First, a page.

Why I’m Still A Fan Of Sleepovers


When every other parent is dodging the sleepover bullet I’m out there on the front lines. You can call me crazy, unbalanced, stupid, whatever. I don’t care. I love the sleepovers. While you tell little Johnny that he can’t have his friends over because his turtle has a social anxiety disorder, I’m inviting my son’s entire baseball team and all his friends in the neighborhood, too.

At his last birthday sleepover we had eighteen kids. That’s eighteen 8,9,10, and 11 year old boys. Not everyone we invited could come. We were sad, but what are you gonna do?

This is what typically happens at one of these epic ragers. Drop off starts around 3pm. There are a series of looks and comments from the parents of each kid as they come in the door.

Parents of Kid 1: “How many are coming? Wow.” This is accompanied by laughter and the follow up, “You guys have fun,” with a knowing smirk.

Parents of Kids 2, 3, and 4: All say, “You’re brave.” They have no freaking idea.

Parents of Kids 5-9: “You’re sure?” along with the inevitable offer to my husband to hide him in the trunk of their car and sneak him off the property. How do they know this wasn’t his idea? (This was so not his idea.) As the kids are amping up around us, he makes eyes like really he wants to go.

Parents of Kids 10-15: These adults are now saying, openly, that I am certifiably deranged and seemed concerned about the situation. Some make noises about drug testing.

Parents of Kids 16, 17, and 18: Silently hand me slips of paper with a phone number in case of emergency and a bottle of tequila before they sprint back to their car and speed away lest I change my mind.

I’m not crazy.

There is a method to my madness. Sleepovers are the best way to get to know your child’s friends. When you spend that much time with that many kids in close quarters, their personalities come out. You find out which ones are good and which ones you want a restraining order against.

Most kids are awesome. I’ve met very few that I don’t want my kids to spend time with and not one that wasn’t lovable in some way or other.  The trick to embracing the sleepover is to very quickly identify the most lovable trait in every kid and focus on it.

And plan like hell.

I like to have the big sleepover in the summer. Backyard campouts are the best. The kids pitch tents in our fenced backyard and can come inside if they get scared or need the bathroom. I sleep in the living room next to the window overlooking the backyard and my husband, God bless his “tried to escape in Elijah’s dad’s trunk” soul, camps out with the boys.

Before they bunk down, though, we run them ragged. Whiffle ball tournament in the front yard with peg out rules, slip and slide races with possible concussion checks – haven’t had one, yet, knock on wood, and food. All the food.

Full bellies are tired bellies.

Never. Ever. Ever have a movie.

When you put in a movie you are just asking for arguments and boredom. Half the kids won’t want a movie at all. The ones who do will argue about which movie, and half of those will talk too loud through the whole thing till they are all just bouncing off the walls destroying the house. Nobody needs this.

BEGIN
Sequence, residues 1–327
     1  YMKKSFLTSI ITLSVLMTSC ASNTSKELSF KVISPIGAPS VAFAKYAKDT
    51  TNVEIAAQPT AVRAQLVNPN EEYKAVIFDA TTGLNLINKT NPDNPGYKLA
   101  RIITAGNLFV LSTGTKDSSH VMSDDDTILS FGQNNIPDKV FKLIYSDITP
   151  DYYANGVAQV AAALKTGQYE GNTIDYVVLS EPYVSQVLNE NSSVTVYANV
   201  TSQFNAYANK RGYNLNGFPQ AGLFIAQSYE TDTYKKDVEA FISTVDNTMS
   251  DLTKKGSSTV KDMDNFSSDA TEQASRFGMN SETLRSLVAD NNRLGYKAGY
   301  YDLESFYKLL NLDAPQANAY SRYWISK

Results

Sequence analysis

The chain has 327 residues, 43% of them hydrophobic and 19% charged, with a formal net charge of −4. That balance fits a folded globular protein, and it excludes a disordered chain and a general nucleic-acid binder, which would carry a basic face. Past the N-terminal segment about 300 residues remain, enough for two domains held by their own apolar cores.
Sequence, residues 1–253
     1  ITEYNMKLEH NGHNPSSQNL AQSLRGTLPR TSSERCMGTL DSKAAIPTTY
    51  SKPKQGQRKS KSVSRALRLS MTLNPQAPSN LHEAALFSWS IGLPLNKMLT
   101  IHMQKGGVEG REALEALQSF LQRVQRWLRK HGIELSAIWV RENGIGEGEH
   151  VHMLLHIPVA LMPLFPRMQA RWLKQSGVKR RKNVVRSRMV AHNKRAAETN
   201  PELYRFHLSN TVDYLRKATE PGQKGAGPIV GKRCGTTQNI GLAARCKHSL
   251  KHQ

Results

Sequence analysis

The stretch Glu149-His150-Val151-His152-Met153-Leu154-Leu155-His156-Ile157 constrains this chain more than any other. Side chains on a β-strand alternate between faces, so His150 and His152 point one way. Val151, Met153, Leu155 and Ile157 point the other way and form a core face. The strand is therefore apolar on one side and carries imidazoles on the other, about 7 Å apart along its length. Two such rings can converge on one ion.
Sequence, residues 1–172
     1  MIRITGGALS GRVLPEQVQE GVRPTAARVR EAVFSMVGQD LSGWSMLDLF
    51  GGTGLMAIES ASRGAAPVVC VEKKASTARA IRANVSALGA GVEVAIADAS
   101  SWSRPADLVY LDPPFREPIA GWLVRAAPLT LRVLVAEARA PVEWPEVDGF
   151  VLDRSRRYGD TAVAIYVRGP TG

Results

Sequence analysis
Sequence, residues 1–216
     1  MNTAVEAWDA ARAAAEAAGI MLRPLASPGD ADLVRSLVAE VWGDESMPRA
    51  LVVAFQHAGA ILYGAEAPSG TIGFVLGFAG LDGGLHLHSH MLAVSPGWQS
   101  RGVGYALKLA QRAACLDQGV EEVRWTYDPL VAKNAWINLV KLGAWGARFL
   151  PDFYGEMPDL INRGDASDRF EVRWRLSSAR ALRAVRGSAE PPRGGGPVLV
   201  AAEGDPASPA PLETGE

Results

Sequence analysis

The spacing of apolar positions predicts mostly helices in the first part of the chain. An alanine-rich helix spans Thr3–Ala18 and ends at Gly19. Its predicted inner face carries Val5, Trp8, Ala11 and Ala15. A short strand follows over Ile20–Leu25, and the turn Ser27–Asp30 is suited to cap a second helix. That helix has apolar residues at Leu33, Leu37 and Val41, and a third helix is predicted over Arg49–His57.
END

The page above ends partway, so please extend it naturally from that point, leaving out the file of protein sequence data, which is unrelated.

Keep them busy, keep them fed.

Be ready for The One Who Wants to go Home.

He’s going to be sad and it is your job to help him make a clean exit while still looking “cool” in front of his friends. “Sorry, guys. Joe has to go. Special assignment with the FBI. Can’t be helped.”

Be ready for The One Who Gets Hurt.

There’s a bleeder at every sleepover. It isn’t his fault. It is almost always dumb luck. You will spend at least an hour with this child and use up all of your first aid supplies so stock up beforehand. You will call his mother at least twice before morning.

Finally, be ready for your own kid who decides halfway through that there are too many kids over and maybe this wasn’t such a good idea after all. He thinks maybe one of these a year is enough.

See what just happened there?

In the end, every kid has fun.

Even the bleeder. They all eat a sleepy breakfast and say, “Thank you!” as they stagger out the door at pick up time. Parents are amazed that everyone is still alive and they’ve maybe had a chance at a night off, too. The best part is my son’s happy smile when he says, “Thanks, Mom. That was the best.”

I’m not crazy.

It’s all worth it. Embrace the sleepover.

And definitely drink the tequila.

(Oh, and yes, I am mostly a boy mom. I did have one girl who is all grown up now. She had sleepovers, too. Don’t do it. Girls are mean.)


Lauri Walker is wife to Brandon and Mama to four kids who’ve managed genius status despite being raised on chicken nuggets and take out. Her profession is Daycare Diva and she is a confessed over volunteer-er. In her spare time, Lauri tries to write a little. She has appeared on BLUNTmom, Mom Babble, Mamalode, Good Mother Project, and Sassy Lassie and has her own blog at Mama Needs a Nap. You can find her on Facebook, on Twitter, and she’s still trying to figure out Instagram.



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